Presenters Dennis Coo (Director of Systems Engineering), John Rosebrook (Engineering Leadership Development Manager), Michael Hitt (Systems Engineer Manager), David Kroell (CNU Alum and Software Engineering ELDP), and Anne Baer (CNU Alumna and Systems Engineer) came from the Manassas Headquarters and work in Rotary Missions Systems. There are nine sectors in Rotary Mission Systems: command, control, communications, computer, cyber, combat, intelligence, surveillance, reconnaissance.   

 Lockheed Martin has a lot to offer their employees. They have positions available for interns as well as new graduates.  Employees are eligible for education assistance to help them earn their advanced degree or professional certifications. Additional benefits include 401(k) Plan, flexible work hours, and PTO. Lockheed Martin goes out of the way to promote a good work-life balance.

 In addition to benefits offered by Lockheed Martin, the Manassas area also has a lot to offer. There are a lot of fun things to do in the area including parks, historical sites, and the Air and Space Museum. Manassas is close to Washington DC and several universities including George Mason University. Other things available in the area are good restaurants and shopping. 

 Lockheed Martin is looking to hire all years and majors. Apply now!

https://www.lockheedmartinjobs.com/

 Thank you to Lockheed Martin and presenters Dennis Coo, John Rosebrook, Michael Hitt, David Kroell, and Anne Baer for joining us.  We hope to see you again soon!

Tuesday Tea with Dr. Antonio Siochi

On September 29, Dr. Antonio Siochi,who primarily teaches data structures & algorithms, computer science & theology led last week’s Tuesday Tea discussion and shared experiences from his cultural heritage with students and faculty.  Dr. Siochi is from the Philippines, and attended the same school, elementary through high school. He said his experiences throughout school shaped who he is today. He talked of being pushed by his teachers and consistently held to a higher expectation of learning. Students were given problems and expected to solve them. Also expected was a high level of respect for elders and superiors. It was in the Philippines at the Ateneo de Manila University that Dr. Siochi got his B.S. in Chemistry. Soon after, he came to Virginia Polytechnic Institute and State University (VT) to study computer science. Unfortunately, computer science was not a field available to study in the Philippines at the time. Dr. Siochi’s parents had come to VT for grad school,  so he followed in their footsteps and got both his M.S. and Ph. D. in Computer Science and Applications at VT.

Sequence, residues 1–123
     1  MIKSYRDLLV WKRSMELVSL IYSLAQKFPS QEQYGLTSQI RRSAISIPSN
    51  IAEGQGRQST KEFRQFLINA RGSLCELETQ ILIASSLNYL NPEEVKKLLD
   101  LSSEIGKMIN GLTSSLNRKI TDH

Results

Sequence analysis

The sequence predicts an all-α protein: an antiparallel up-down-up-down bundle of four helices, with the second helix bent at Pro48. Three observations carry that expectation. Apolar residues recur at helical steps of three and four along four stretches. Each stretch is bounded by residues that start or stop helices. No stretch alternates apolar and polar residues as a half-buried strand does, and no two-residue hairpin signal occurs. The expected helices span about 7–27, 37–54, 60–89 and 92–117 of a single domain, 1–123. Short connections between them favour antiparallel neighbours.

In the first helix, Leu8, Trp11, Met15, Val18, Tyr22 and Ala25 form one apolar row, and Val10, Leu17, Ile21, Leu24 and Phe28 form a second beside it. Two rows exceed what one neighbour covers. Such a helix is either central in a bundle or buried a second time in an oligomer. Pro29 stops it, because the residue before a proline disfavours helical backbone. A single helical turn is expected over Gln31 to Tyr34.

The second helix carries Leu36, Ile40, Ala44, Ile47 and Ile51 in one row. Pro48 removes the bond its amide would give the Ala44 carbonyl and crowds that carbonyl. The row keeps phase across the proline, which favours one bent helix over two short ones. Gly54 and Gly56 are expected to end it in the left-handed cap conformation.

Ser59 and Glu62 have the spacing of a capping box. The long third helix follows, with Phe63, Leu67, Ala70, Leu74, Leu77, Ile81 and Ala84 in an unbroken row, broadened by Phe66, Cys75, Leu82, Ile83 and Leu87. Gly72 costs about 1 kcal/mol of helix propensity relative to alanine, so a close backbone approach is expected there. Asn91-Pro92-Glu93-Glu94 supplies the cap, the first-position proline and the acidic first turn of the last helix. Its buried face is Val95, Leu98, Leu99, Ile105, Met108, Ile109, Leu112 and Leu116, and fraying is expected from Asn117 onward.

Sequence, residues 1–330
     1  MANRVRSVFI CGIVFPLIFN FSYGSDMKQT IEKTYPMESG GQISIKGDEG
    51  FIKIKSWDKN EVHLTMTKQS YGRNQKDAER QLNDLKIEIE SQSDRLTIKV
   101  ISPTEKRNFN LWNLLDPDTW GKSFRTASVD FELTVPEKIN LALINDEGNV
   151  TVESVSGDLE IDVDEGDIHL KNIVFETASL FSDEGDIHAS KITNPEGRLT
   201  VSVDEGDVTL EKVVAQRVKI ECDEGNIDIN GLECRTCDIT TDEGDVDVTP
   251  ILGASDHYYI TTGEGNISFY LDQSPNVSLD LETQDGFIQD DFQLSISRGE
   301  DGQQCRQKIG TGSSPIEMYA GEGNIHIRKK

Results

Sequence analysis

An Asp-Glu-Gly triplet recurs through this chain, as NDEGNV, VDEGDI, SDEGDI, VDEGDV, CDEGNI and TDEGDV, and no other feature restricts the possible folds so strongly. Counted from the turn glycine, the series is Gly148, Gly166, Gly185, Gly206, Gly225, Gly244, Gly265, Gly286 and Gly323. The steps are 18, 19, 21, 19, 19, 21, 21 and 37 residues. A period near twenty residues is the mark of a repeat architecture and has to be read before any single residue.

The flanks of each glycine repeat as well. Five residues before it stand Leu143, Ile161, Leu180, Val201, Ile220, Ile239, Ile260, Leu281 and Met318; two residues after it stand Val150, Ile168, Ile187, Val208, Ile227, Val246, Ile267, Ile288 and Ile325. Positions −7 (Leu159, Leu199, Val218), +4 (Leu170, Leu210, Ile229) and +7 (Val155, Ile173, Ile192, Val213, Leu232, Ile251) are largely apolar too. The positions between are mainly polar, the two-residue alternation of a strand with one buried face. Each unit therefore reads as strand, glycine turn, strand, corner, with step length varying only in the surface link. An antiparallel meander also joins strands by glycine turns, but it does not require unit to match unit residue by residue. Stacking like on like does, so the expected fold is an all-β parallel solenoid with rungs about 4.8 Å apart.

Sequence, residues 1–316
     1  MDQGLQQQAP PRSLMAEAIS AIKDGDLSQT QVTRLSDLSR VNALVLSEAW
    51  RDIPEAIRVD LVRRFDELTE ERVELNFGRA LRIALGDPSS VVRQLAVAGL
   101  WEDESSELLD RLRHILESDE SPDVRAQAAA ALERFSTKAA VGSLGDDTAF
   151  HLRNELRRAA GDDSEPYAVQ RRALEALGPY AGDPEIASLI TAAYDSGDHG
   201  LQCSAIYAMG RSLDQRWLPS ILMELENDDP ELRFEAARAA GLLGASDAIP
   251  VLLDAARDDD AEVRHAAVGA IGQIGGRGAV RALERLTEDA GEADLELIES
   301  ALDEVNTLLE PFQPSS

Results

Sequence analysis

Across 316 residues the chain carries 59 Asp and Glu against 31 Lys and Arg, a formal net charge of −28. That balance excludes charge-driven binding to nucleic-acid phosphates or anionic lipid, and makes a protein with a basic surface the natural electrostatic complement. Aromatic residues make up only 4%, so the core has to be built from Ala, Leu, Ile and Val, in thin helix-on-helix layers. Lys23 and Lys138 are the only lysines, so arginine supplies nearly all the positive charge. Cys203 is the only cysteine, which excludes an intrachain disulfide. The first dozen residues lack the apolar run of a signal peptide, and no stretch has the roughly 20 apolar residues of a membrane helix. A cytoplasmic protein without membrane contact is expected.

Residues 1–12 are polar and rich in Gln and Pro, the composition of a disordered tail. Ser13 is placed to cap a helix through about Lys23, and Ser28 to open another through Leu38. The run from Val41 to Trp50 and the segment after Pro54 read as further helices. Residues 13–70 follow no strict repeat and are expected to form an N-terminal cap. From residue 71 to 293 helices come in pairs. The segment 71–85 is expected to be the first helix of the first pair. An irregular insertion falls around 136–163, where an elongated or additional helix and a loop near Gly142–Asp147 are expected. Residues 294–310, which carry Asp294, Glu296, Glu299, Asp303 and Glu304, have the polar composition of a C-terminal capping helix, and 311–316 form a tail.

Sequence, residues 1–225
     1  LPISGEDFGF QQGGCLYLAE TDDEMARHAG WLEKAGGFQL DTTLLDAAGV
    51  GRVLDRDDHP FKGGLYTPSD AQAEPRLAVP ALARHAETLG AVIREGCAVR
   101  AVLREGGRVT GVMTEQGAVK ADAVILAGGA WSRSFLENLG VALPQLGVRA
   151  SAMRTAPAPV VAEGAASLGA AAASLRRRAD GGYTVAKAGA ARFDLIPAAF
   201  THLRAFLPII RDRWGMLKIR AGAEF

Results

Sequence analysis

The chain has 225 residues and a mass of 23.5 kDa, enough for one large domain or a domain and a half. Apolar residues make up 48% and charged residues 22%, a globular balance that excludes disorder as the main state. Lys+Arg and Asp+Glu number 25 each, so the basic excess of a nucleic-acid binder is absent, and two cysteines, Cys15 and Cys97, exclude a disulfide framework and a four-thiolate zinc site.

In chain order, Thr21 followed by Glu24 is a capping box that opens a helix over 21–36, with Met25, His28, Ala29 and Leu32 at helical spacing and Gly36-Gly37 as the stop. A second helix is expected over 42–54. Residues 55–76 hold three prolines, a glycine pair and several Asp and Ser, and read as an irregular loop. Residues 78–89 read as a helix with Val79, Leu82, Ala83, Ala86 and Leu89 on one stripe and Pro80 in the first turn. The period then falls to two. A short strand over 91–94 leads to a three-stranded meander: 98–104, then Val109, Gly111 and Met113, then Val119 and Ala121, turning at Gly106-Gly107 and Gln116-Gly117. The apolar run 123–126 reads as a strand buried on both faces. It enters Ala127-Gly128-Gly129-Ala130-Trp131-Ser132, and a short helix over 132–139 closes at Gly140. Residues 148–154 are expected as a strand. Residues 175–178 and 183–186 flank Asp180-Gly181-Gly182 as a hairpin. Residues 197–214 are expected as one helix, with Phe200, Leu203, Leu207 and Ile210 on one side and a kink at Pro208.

Dr. Antonio Siochi

Dr. Siochi began teaching at Christopher Newport College in 1990. Here he has pursued researching topics he is interested in including making unit testing easier for students, using computer science to make teaching better, and generally making the user experience better. Currently, he is working with a graduate student on developing a way for students to not have to write the code for J-unit tests themselves.

Dr. Siochi found his passion for computer science when he realized, “this makes sense to me.” During his childhood he tinkered with a computer kit, but could not formally learn computer science until he reached VT. The path of academia “feels like what I was built for,” reported Dr. Siochi. He said the most rewarding part of teaching is “seeing the lightbulb go off” when a student understands something. Keys to success according to Dr. Siochi include trying to discover “who you’re supposed to be” and “playing to your strengths rather than trying to force something.”

When asked about his culture, Dr. Siochi was quick to talk about the common greeting. In the Philippines, people ask “Have you eaten yet?” rather than “How are you?” He also described a few of the tasty dishes he misses like boiled beef. Dr. Siochi also stated that if you ever visit the Philippines, you have to “be brave and sample the street food.” He also talked fondly of his Catholic faith, something very important to him.